Your Guide to the Reality of Animal Circus

"The academic panel concluded that there appears to be little evidence to demonstrate that the welfare of animals kept in travelling circuses is any better or worse than that of animals kept in other captive environments" - Executive Summary of the DEFRA Circus Working Group 2007

Join us on Facebook The WELFARE of Circus animals.

Monday, 25 July 2011

A Commons Circus of Animals and Clowns by Dominic Lawson

Photograph of the debating chamber of the Brit...Image via Wikipedia
Celebrated writer Dominic Lawson saw what many failed (or feared) to when back bench politicians decided to have a game of "political football" with the animal circus issue on 23rd June. His observations, comparable with views expressed in an article written on 27th June by The Herald's Andrew McKie, cut straight to the absurdity of the whole issue and exposes the serious lack of research and information provided by the anti-wild-animals-in-circus MPs. 

A Commons Circus of Animals and Clowns
Dominic Lawson -
Copyright: The Sunday Times. 26 June 2011 page 23

Some might say it is a cruel, if traditional, spectacle; at times little more than the baiting of enclosed creatures performing under huge stress for the gratuitous amusement of the watching public. Even so, I would not endorse the outright banning of House of Commons debates.

The Commons, however, has called for the complete banning of all wild animals in circuses, to take effect by July 1, 2012. This was the outcome of a debate of furious intensity, yet with an almost complete lack of opposing voices. Member upon member jumped up last Thursday to demand that the deputy Speaker give him or her more minutes to expatiate on the presumed suffering of wild animals in our circuses. There are now only 39 remaining: that is, only 39 such ani­mals in the entire country.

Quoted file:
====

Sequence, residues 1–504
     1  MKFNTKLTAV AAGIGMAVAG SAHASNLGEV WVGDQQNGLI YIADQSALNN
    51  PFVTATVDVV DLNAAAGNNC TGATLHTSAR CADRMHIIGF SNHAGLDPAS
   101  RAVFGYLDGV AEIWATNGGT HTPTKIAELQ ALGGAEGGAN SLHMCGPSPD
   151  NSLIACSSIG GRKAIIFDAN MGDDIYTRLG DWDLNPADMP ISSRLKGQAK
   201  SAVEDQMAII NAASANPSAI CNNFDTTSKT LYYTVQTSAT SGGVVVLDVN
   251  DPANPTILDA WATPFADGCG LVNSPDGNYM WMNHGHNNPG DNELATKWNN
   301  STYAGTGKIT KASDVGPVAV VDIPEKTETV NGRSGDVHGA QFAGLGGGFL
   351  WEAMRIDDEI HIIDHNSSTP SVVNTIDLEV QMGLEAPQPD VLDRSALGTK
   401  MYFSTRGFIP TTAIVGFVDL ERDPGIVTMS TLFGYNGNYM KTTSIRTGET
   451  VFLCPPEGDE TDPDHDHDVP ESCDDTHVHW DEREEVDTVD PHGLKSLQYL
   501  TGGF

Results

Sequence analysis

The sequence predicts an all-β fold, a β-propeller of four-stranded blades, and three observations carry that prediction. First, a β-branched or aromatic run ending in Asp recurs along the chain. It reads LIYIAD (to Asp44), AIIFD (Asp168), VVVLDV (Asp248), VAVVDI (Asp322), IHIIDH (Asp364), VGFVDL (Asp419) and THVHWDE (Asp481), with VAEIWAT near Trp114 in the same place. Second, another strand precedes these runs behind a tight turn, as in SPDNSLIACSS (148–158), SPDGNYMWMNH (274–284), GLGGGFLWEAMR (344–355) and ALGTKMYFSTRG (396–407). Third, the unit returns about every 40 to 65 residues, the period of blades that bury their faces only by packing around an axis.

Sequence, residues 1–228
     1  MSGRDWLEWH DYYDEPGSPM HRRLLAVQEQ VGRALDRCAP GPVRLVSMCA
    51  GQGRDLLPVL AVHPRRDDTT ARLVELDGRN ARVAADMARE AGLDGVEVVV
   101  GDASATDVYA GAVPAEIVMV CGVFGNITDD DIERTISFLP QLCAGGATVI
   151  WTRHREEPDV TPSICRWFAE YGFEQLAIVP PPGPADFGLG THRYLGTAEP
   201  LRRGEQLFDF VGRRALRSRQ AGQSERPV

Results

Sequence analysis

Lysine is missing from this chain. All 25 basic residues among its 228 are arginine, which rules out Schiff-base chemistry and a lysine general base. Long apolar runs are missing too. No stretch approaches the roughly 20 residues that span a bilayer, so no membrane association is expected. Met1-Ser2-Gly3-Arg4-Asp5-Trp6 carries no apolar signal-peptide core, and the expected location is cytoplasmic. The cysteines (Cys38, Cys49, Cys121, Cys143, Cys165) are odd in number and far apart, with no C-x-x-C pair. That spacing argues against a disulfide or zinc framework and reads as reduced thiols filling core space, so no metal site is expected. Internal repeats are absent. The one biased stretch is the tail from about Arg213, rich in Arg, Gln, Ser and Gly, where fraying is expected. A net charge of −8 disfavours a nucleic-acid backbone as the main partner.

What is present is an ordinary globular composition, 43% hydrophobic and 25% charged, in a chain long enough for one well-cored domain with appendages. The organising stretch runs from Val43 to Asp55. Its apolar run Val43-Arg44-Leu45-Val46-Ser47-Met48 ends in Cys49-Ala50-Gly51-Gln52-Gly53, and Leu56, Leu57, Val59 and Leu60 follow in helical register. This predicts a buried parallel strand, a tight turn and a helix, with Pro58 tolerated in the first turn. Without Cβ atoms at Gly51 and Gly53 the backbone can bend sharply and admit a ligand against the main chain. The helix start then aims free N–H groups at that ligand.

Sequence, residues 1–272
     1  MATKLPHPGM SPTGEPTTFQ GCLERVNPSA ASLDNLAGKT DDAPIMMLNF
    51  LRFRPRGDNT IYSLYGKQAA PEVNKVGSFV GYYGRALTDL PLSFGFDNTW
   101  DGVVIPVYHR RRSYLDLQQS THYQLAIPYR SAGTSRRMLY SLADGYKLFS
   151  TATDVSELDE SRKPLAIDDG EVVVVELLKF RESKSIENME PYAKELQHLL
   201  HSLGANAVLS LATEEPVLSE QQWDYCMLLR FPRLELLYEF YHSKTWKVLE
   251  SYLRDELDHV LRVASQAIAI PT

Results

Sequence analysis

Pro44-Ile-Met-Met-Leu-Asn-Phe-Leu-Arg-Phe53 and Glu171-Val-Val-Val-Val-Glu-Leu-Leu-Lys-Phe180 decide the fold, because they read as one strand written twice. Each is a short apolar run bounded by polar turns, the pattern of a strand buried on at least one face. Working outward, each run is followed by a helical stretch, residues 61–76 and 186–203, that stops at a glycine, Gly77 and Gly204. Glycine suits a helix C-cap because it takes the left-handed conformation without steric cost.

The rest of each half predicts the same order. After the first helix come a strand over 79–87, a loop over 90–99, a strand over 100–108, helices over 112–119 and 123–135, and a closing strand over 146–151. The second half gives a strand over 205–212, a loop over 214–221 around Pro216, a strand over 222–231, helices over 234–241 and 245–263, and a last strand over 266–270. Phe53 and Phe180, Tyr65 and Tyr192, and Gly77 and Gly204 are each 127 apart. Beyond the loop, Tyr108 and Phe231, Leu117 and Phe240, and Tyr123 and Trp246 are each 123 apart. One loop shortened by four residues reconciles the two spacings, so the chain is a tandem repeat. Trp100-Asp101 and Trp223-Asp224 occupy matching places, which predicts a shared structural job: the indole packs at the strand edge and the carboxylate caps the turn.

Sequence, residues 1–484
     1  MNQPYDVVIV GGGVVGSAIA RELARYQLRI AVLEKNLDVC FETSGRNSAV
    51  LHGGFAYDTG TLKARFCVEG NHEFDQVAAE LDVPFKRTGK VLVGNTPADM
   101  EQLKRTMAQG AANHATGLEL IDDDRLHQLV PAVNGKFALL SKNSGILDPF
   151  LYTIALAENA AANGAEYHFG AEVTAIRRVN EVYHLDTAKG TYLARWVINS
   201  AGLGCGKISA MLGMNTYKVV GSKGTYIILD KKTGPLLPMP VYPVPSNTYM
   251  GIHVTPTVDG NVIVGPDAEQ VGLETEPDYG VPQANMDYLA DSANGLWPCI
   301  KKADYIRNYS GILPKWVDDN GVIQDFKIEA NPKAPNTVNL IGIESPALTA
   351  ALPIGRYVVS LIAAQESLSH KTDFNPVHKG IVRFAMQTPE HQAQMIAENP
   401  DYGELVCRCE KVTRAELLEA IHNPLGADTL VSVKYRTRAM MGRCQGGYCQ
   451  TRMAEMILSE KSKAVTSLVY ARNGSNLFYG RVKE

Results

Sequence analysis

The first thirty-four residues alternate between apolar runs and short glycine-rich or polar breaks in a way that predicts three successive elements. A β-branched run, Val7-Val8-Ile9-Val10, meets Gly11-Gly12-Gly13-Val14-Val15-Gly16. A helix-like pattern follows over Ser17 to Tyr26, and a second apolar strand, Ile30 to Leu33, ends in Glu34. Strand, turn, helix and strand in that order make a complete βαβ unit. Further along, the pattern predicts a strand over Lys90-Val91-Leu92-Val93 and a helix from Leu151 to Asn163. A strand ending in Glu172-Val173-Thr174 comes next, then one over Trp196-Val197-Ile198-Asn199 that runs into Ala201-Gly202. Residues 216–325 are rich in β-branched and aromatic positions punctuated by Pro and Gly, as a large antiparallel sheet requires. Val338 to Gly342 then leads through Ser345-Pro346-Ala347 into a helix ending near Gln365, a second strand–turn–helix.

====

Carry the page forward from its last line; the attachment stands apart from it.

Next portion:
Sheryll Murray, the Conservative member for South East Cornwall, captured the spirit of the debate with a lengthy account of the life and times of "Donkey, a Barbary macaque who now lives in my constituency". Murray spoke with tremulous passion about the suf­ferings of Donkey while captive in Morocco and Spain: "He has very poor social skills and is underdeveloped for a monkey of his age. Please remember Donkey and the message that he cannot bring to the debate himself."

Perhaps, one day, given the growing pas­sion for treating humankind and animals as having the same rights, Donkey will be allowed to bring his own message to the mother of parliaments. In his A History of Western Philosophy, Bertrand Russell wrote that, as a result of the discoveries of Darwin about the origins of man, "a resolute egali­tarian ... will find himself forced to regard apes as the equal of human beings. And why stop with apes? I don't see how he is to resist an argument in favour of votes for oysters."

I doubt any of the MPs who spoke in last Thursday's debate will share Russell's deliberately provocative thought as they order their oysters in the House of Commons dining room; but how do they know they are not causing suffering to those little creatures as they swallow them alive?
The answer is they don't know. As Russell's colleague Ludwig Wittgenstein observed: "If a lion could speak, we could not understand him." What that compellingly gnomic Aus­trian meant is that animals are so utterly different from humankind that no words expressing their thought patterns could exist within our own languages and vocabularies. In persuading millions to the contrary, the Walt Disney Company has a lot to answer for.

It is one thing when little children assume that animals are exactly like us; it is quite another when anthropomorphism pervades the debates of adults. While it might now­adays be regarded as enlightened to treat ani­mals as if they were no different from humans in their sentiments and sense of self, the effect of such thinking can be to reduce humans to the level of animals — in effect, to dehumanise our fellow man. Thus, when the Conservative MP Andrew Rosindell attempted to argue that many of the wild ani­mals in circuses were the "10th generation born in that environment" and therefore it might be cruel to release them, he was inter­rupted by his fellow Tory Stephen Phillips: "Will my honourable friend share with the house his views on whether third-generation slaves in the United States, born into slavery, were content with slavery, more so than those who were enslaved in the first place?"